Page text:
20 July 2018

Montpelier, Vt. – At a press conference Thursday, Governor Phil Scott celebrated passage of his Working Family Taxpayer Protection Act – a state income tax reform package. He was joined by Tax Commissioner Kaj Samsom, Director and Tax Economist Doug Farnham, Research Statistician Jake Feldman and Research Economist Andrew Stein, who helped develop the proposal.

The reforms, which were proposed by the Administration and passed by the Legislature in response to changes in federal law, lowered State income tax rates for all taxpayers. In conjunction with the elimination of the income tax on social security benefits for low and middle-income Vermonters, these reforms prevented a $30 million tax increase on working families and provided tax relief for many retirees in Vermont.

A transcript of the Governor’s remarks from today’s press conference are included below. For more information on the Administration’s proposal, visit:


After the Federal Tax Cuts and Jobs Act was passed in December, our team at the Department of Taxes – working with a number of agencies and departments – got to work evaluating the impact on Vermonters.

What their analysis found was that while these changes will lower federal taxes for most Vermonters, due to the complexity of our system and its connection points to the federal calculation, it was going to, inadvertently, raise state income taxes on Vermont taxpayers. 

If we had taken no action or made no changes to our laws, about half of Vermonters – primarily working families with kids – would have paid a net total of $30 million more in Vermont income tax.

This team behind me [Tax Commissioner Kaj Samsom, Director and Tax Economist Doug Farnham, Research Statistician Jake Feldman and Research Economist Andrew Stein] worked together to develop a smart, simple plan, that not only protected Vermonters from this increase, but also achieved many additional benefits in the process.

I’m pleased to be here today to highlight the fact that this plan, for the most part, has been enacted into state law.

Its passage – in conjunction with our work with the Legislature to eliminate the income tax on social security benefits for low and middle-income retirees – provided $30 million of income tax relief to Vermonters.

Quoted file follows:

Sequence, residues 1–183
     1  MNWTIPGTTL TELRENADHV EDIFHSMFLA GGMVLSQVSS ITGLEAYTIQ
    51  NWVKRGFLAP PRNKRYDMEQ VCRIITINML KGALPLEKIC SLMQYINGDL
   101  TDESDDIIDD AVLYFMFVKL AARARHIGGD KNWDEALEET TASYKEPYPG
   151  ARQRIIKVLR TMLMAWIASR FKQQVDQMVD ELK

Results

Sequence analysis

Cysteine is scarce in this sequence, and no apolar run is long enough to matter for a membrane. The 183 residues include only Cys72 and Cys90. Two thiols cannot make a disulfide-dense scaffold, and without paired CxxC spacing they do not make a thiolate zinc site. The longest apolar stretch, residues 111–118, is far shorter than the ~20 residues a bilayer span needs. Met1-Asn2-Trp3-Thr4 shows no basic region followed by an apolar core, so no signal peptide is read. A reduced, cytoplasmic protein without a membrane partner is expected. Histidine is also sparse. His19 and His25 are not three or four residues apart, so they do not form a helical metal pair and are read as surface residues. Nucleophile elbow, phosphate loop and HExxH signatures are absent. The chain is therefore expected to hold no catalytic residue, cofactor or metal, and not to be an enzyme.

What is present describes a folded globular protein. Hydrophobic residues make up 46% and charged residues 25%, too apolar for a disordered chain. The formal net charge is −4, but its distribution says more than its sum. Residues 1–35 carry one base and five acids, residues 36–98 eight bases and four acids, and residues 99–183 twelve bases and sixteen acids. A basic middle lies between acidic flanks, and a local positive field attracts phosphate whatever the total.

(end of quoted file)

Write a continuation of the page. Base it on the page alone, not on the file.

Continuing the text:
This is important because we not only cut income tax rates across the board for all payers, but it also put Vermont in a stronger competitive position relative to neighbors, like New York.

Further, the changes simplify our tax system and maintain our progressive tax code, where the wealthy pay more than those with low and moderate incomes. This proposal was revenue-neutral and ensured working families with children saw the full benefit of the federal tax reductions, without requiring cuts in state spending. Additionally, it greatly simplifies Vermont’s tax calculation, lowers rates, and encourages charitable giving by all taxpayers while adding stability in revenue collection.

I want to thank Commissioner Samsom and his entire team for their hard work on this smart proposal that will benefit working Vermont families for years to come.

As well, I want to thank Administration Secretary Susanne Young, who couldn’t be here today, Deputy Secretary Brad Ferland, Commissioner Adam Greshin, and the Legislature – the House Ways and Means and Senate Finance Committees – for their work in ensuring the passage of this proposal.


While we have more work to do, this relief, coupled with elimination of the tax on social security benefits for many Vermonters, two consecutive years without raising a single tax and fee in the General Fund and level property tax rates for residential payers are critical steps to helping Vermonters keep more of what they earn and move up the economic ladder.

As I continue to work to make Vermont more affordable, grow the economy, and protect the most vulnerable, these steps help us move closer to each of those goals.


Contact Information

Office of Governor Phil Scott
109 State Street, Pavilion
Montpelier, VT 05609
Phone: 802 828-3333 (TTY: 800 649-6825)
Fax: 802 828-3339

Public Records Database and Agency Records Officer or Liaison Contact Information

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